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FERGUS COUNTY DEMOCRAT.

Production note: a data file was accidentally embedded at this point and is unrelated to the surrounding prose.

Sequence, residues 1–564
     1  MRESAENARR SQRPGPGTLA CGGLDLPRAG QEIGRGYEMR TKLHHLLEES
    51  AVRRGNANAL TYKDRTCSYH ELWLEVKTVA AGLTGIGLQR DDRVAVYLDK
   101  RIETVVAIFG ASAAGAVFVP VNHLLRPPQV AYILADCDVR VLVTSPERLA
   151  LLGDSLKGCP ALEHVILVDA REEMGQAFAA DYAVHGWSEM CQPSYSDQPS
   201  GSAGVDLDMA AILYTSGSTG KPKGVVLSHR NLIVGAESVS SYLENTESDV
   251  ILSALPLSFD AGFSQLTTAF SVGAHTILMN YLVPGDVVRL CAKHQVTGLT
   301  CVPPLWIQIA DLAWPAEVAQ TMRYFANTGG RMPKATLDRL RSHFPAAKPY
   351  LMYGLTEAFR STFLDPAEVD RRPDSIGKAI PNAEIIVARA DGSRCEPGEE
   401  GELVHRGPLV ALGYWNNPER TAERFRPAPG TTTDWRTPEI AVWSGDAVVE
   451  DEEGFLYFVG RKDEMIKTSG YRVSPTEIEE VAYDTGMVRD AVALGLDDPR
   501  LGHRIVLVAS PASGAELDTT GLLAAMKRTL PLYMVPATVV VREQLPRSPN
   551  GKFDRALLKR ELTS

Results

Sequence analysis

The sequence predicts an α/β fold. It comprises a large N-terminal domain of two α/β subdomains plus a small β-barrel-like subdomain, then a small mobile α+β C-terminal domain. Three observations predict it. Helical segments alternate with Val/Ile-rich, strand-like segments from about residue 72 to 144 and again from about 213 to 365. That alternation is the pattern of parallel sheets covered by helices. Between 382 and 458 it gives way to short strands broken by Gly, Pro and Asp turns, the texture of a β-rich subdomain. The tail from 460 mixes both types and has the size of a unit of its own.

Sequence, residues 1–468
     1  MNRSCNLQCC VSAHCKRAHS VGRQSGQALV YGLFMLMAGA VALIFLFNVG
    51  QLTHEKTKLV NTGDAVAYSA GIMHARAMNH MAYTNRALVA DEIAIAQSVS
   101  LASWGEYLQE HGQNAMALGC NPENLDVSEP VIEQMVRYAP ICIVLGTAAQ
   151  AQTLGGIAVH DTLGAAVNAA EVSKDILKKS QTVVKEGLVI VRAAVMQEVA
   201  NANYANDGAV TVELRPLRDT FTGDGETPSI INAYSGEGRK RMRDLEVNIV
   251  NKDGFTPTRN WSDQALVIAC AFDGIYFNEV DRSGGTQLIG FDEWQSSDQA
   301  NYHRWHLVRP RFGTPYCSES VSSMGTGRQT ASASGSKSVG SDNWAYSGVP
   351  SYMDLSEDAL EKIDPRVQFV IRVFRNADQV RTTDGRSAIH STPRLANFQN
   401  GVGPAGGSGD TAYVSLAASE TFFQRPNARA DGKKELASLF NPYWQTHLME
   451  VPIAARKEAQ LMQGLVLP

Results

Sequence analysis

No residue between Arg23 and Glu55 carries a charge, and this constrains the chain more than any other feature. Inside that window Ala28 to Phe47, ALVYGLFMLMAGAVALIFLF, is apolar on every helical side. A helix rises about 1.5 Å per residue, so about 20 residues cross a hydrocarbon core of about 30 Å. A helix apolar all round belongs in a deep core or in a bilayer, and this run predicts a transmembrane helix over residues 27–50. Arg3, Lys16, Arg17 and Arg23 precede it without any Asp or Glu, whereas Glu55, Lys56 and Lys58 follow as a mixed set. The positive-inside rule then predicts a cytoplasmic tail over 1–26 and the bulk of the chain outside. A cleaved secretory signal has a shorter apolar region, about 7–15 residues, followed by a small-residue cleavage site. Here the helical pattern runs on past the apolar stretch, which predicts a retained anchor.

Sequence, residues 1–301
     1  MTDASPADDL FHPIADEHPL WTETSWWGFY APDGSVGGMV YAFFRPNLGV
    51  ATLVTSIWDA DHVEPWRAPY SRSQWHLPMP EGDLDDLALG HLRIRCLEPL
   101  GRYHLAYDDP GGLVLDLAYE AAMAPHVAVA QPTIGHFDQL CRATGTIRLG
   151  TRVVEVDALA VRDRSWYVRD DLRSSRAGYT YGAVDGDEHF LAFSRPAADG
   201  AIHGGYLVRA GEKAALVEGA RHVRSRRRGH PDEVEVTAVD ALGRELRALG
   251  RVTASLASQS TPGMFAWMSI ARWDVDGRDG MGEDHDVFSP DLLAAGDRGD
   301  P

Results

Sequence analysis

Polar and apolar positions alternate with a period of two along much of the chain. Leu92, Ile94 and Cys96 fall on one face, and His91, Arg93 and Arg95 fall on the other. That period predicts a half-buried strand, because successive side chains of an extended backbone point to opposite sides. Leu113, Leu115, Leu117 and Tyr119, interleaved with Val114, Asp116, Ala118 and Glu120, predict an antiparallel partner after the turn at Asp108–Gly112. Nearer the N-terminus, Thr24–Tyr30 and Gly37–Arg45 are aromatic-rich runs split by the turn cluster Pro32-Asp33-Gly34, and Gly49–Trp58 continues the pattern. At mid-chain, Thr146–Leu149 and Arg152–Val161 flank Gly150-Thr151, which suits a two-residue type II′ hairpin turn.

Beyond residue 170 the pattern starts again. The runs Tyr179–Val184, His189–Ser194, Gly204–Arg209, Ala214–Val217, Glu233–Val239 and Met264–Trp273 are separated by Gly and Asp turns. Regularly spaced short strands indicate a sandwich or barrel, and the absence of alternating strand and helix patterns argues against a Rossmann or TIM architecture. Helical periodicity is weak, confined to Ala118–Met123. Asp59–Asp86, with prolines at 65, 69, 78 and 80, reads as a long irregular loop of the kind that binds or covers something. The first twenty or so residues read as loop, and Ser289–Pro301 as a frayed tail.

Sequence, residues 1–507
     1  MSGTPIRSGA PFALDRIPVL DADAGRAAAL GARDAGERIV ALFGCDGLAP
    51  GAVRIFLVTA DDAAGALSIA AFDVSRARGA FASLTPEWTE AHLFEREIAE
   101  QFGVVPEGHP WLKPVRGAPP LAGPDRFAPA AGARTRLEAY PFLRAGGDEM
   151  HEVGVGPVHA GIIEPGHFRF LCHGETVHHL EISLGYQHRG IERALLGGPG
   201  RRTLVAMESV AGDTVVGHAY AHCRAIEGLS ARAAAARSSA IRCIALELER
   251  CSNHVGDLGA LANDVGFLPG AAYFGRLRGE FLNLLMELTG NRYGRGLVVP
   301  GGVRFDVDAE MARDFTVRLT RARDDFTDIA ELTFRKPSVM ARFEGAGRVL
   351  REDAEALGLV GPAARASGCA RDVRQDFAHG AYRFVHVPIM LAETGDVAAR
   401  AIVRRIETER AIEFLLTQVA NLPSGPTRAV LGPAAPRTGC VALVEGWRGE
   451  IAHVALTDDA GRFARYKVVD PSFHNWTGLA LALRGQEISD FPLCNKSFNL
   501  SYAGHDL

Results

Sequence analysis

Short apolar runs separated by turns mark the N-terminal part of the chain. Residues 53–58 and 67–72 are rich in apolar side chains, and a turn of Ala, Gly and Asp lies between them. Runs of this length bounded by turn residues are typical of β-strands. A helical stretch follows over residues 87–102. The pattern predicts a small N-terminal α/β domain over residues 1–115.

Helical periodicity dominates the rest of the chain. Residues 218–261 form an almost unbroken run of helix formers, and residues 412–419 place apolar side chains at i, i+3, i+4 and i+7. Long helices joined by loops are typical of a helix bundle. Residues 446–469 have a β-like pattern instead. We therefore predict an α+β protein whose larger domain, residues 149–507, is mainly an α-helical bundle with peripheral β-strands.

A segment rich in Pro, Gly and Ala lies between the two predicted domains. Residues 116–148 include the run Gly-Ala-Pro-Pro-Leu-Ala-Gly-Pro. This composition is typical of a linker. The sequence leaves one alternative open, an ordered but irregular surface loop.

STOUT & KELLY, Publishers. Subscription, per Year.............$2,50 LEWISTOWN, MONT., March 28. Published Weekly. A STRONG TICKET. The city democrats in their conven tion last Thursday evening, named for the respective offices men who will unqestionably draw to their sup port a majority of the citizens of Lew istown. Every man on the ticket is a representative citizen of this munici pality and eminently qualified to per form the duties of the respect ive of fices for which they are the aspirants. It is a ticket lor which every demo crat can get out and work with all possible earnestness. Jesse E. Binkley, the candidate for mayor is an old resident of this city, though yet comparatively a young man. He is a thorough going busi ness man, honest, plain spoken, gen erous and popular. For the past two years he has been a hard working and efficient member of the city council and his experience in that body has well qualified him for the higher pos ition of mayor. For Police Magistrate a better man than F. F. MacGowan could not be found in the city. He has held the position for several years and he lias always discharged the duties of that place in a most conscient ious and sat isfactory manner. His reriomination came as amatterof course and his elec tion is assured. The fact that the republicans have thus far, found no one who is willing to run against Murray Deaton for the office of city treasurer speaks volumns for that young man's popularity. Ev eryone knows Murray and everyone likes the young man sincerely. His election is a foregone conclusion. Matt Webber, Frank Moshner and A. M. Sloan, the democratic candi dates from aldermen from the three wards are representative businessmen of the city. Each possesses an ele ment of great strength in his respect ive ward and the republicans will have a difficult time in defeating any of the three. A RAILROAD CENTER. Since a time when the memory of man runneth not to the contrary, there has been talk of a transconti nental railroad being built through the Judith Basin. Every month or two the subject is republished in some shape or other, but the people of this city have ceased to be in a con stant state of expectancy and have decided to push along as rapidly as possible under the present conditions until one of the numerous through roads is actually built. It will take more than Haring newspaper heads to arouse them to any high state of ex citement. The latest railroad news is that the Milwaukee & St. Paul is seeking a route to the coast and will, in all probability, find it a matter of busi ness policy to traverse this rich and prosperous section. The story comes from Minneapolis and states ttiat grounds for terminal stations are be ing purchased in Tacoma, Portland and Bellingham. Two weeks ago it was the Northern Pacific which was making surveys, and one correspond ent even had that company laying the rails down near Forsyth. Tomorrow that old and almost outworn tale of the Burlington extension will prob ably be on the wires. Although some of these stories of coming roads are certainly fakes, pure and simple, it is reasonable to believe that there is something behind this general talk about a railroad coming up through the Musselshell country, down across the Judith valley and out over the plains to the west. It is probable that the eyes of the railroad magnates, ever open for a glimpse of virgin field, are turned in this direc tion, and that the time is not so far distant until the rails of a cross-con tinent line will wind their way through Lewistown. But it will not be profit able for the people of this city and county to lay any big odds on such a consummation in the immediate future. "Waiting for the road" is mighty tedious job and not nearly so sure as waiting far the proverbial judgment day. It is best that the people of this city and vicinity just at present occupy themselves in tak ing advantage of the opportunities al ready at hand. Although we are not on a grand trunk line, we have an ex cellent connection with the outside world in our own little road, a road which is constantly increasing its equipment and doing all within the power of its management for the de velopment of the county. Lewistown is ready for the transcon tidcntal railroad. When it comes wi will show the management of that road the best town surrounded by the best country in the west. We will show them a town that will double in population within two years after the road is completed. We will show then (whether they are Missourians or not) a town full of the most progressive business men to be found either east or west of the Mississippi. We will show them that they made a mistake j is are a a it ly in waiting so long to tap this great .1 u dith basin. And while we are wait ing for that day to come, we will pur sue the busy tenor of our way, estab lishing new industries, laying out new farms, improving the grade of cattle, sheep and horses, building new homes, school houses and churches and generally making our city and county a better place in which to live. The republicans can find little to criticise in the democratic platform. It pledges the democratic candidates to some much needed reforms and as every candidate nominated is in thorough accord with the declarations of the platform, the republicans can go before the public with mighty little campaign "thunder." They have already started a campaign of deception and misrepresentation, but the voters of Lewistown are too wise to be taken in by such statements. GILT EDGE BREVITIES. Assessor Frank Pick was here on his annual tour last week. David Scott was doing legal busi ness in Gilt Edge Saturday. J. E. Wasson has been laid up with rheumatism for several weeks. A. J. Stephens of Lewistown passed through Gilt Edge last Saturday. Dr. Attix called at Gilt Edge on his way home from Maiden last Fri day. Cassie Dahl left Sunday for Lewis town where she is attending high school. Charley Foster lias been on the sick list for over two weeks but is now improving - Dr. Beatty of Lewistown was in Gilt Edge on professional business last Wednesday. Wm. Martin who has been working at the Gold Reef for several years has moved to Kendall. Aba Audette has bought out Reed & Millard of Kendall and moved ouer there last Monday. When Tom Duffy comes to town all the story tellers are quiet as he has them badly shaded. Clifford, a son of Douglas Wash burn, fell from a fence and broke his arm. It was set by Doctor Lakey and is now doing well. J. L. Woods and son of Rydersburg are here looking over a few mines and taking some ore to have assayed both here and and in Cone Butte. Hugh Green has been around wit h a bowed head for the last two weeks, a boil on the neck being the cause. You would better let it run, Hugh, it may purify your system. Richard young has had a sty ou his eye for over two weeks but fortunate ly for him, it exploded Sunday even ing and he is feeliug better and can now see out of both eyes. A foot race on the street last Mon day was a diversion from the usual juiet of the town. Sam Hurvitch's hat blew off and for a block and a half it was an even break but the wind stopped and Sam was declared the winner amid the cheers of the by standers. The buries pie degree placed on the stage Saturday by the Gilt Edge home talent was a complete success in every way and was played to a house of over two hundred. The entire crowd fully appreciated and generously applauded the play. Daniel Green as Col. Allswell, a vet eran of the Civil war, wrs the candi date for iniation and was well receiv by the royal clan who gave him the three degrees and right well did he act his part. After the last act, both the Colonel and the stage looked as if Kansas cyclone had st ruck them. Art Baker as Admiral llardacre, a re tired naval officer who performed the initiation had more the appearance of Daniel Webster than a Lewistown blacksmith. Ed Baker as Dick Alls well, in love with the daughter of the admiral was a success, especially in love making. Dick Baker as Sir Ho ly Poly and Fred Anderson as Sir Bombasto. college chums, were in full dress and carried out their parts successfully. Bertha Caraway as the Widow Muggs, in love with the Colo, nel and through whose influence he had consented to join the order car ried her part in true professional style and George Sherman as her son was a constant annoyance to her every time she and the Colonel had a tete-a-tete. George is a whole show of himself and can take his part anywhere. Miss Su sie Dunn as Alice and Miss Lillie Newman as Beatrice, daughters of the admiral, were dressed for the occasion and made no mistakes. In fact all played their parts to the sat isfaction of all present. They probably will go to Kendall in the near future. G. M. Nelson, president of the Chi cago-Montana Gold Mining company, and his attorney, R. von Tobel were in town last Saturday. They asked for a stay of proceedings for forty days in the suits against the company and said if they are not settled by that time the property under attach ment would be sold to satisfy the the claimants. The Judge is confident that everything will be adjusted satis factorily and the mill started again in about thirty days. 692 Acres for Sale. The Meagher estate will be sold at public auction at the Court House door an April 8th, at 3 o'clock p. m. See notice of sale in this issue. 3-28-2t POWER MERCANTILE CO. GREAT PURCHASE OE CARPETS Just Received, a Shipment of All the Newest Patterns in minster, Velvet, Body Brussels and Ingrain Carpets. Perhaps the most important department in the store during the next sixty days will be the Carpets. The big, fresh lines of standard makes of carpets are all here. So are the Rugs, Lace Curtains and other draperies. We give prompt service in making and laying carpets, if selected now. It also pays to make your carpet selection early. Velvet Carpets Velvet Carpets, extra long pile. Large variety of desirable colors and patterns. Sale price, per yard, $1.39 Smith's Axminster Carpets Parlor patterns; a line of new styles; carpets and borders to match. Special sale £ * — price, per yard, .... J? I .OU Made-Up Carpet Rugs Made from remnants of fine carpets and bor ders and balance of closed out patterns. Spe cially low priced. Special Sale of Remnants Special sale of remnants of fine carpets; 1.' yds in each piece; nicely finished with fringe to match. Worth $3.00. ^ Q C Special sale price - Zpl-.tJt) TO $!.•&£) Lowell Ingrain Carpets Lowell 2-ply Extra Super Ingrain Carpets, strictly all wool. The very best ingrain car pet made. Per yard, .... 75c All-Wool Ingrain Carpets Absolutely All-Wool 2-ply Ingrain Carpets; heavy weight. Per yard 68c c A R P E T S A L E Granite Ingrain Carpets Granite Ingrain Carpets, strictly fast color. Will wash and not fade. Special sale price, per yard, .... 35c Linoleums, best made. Per square yard, Linoleums American and Scotch goods, the . . . .65c Inlaid Linoleums Inlaid Linoleums, best grade, in a new and large assortment to select from. Special sale price, per square yard, $1.65 Union Brussels Carpets One lot of 27-inch Unton Brussels Carpets, worth and sold at 65c, but to close them out at once,..... 50c China Mattings China mattings, heavy weight, the best grade for wear, in new and neat designs. « » Sale price, per yard, - - - - t)OC Bed Springs Special sale of Bed Springs. Best Coil Wire Mattress Springs. Special sale price, each, ----- $5.95 Wall Paper-Spring Sale A prettily decorated home is a possession that Every woman craves, and its chief element is the selection of wall paper. If you wish well chosen designs, see our stock. You will be interested in our spring sale, be cause we display artistic wall papers presenting new ideas at decidedly the lowest prices. In fact, everything in wall paper that has merit and is decorative is found in our spring display. mr m i — ——» ■ — - ——— ■- - ■ Stockholders' Meeting. There will be a meeting of the stockholders of the Montana Lumber Co., at the office of the company Friday evening at 8 o'clock. All stockholders are urged to be present. St. James' Church Notices. April 2nd. Mid-Lent Sunday: Morn ing prayer and sermon at ll; subject: "The Divine Influence in the New Life." Evening prayer at 7:30; sub jectof sermon: "Christ's Third Tempt ation." Sunday school at 12:30. Every Wednesday at 7:30: Evening prayer with instruction on the Apos le's Creed. Eqery Friday at 10 a. m: Litany, with address on "Collect for the Week." Choir practice Thursdays at 7:30. The Lenten working party will be held at Mrs. Brassey's, hostesses: Mrs. Brassey, Mrs S. II. Charters and Mrs. T. J. Johns. H. G. Wakefikld, Rector. Card of THanks. On behalf of the members of the K. of P., band we desire to express our appreciation and gratitude to the citi zens of Kendall for their earnest co operation and financial assistance. Committee: H. L. Martin, Chas Hayden, Chas Fasel. Bids Wanted. Sealed bids will be received at the office of the Judith Basin Milling Co., until April 4th, for the erection of their Mill Elevator Penstock and Flume. We ask for bids, the con tractor to furnish all of the material or to perform the labor only, the Judith Basin Milling Co., to furnish all material. Plans and specifications can be seen at the company's office. A certified check of lo per cent to show good faith must accompany all bids. Bids will be opened on April 5th at 5 p. m. We have the right to reject any or all bids. Judith Basin Milling Co. Model "B" Disc Marrow See that PrcHnure Lever? *' Marked ® ' Only perfect Disc Harrow on the market for all kinds of ground. DEERE Model "B" Disc Harrow Dustless Bearings, easy access to Oil Tubes, no weight boxes neces sary. If you want a perfect Disc Harrow, buy the Deere. MONTANA HARDWARE CO. Headpuartera foe Garden Seeds and Garden Tools of all kinds MINING NEWS FROM YOGO (Continued from page one) Noble made the place his headquar ters. The ranch is a good one and a fine crop of hay is raised there every summer. Louis W. Peck owns a ranch on the west side of the river which is j hard to beat and in the neighborhood of four hundred acres of good bottom lands are farmed and used for pastur age. The cattle ranch of W. Ettien is situated in the near vicinity, while on the Paegle place, now owned by the New Sapphire Syndicate, a large crop of vegetables and hay is raised yearly. Though at a considerable elevation this section is very fertile and some of the best average crops raised on the upper Judith have been raised on the Graber place now owned by J. C. Ilun toon. A considerable amount of land _____ ____ __________________ braced in the forest reserve. The Pig Eye basin was in early days noted for the luxuriance of its grasses, though of late years it has been pretty well overstocked witli both sheep and cattle. The sheep to a certain extent have been withdrawn from that im mediate section of the count ry though a large amount of cattle still range in the rich foothills of the Belt moun tains. Water and wood is plentiful, the streams abound in fish and the mountains with game: with all its natural advantages, this particular section of the county is well calculated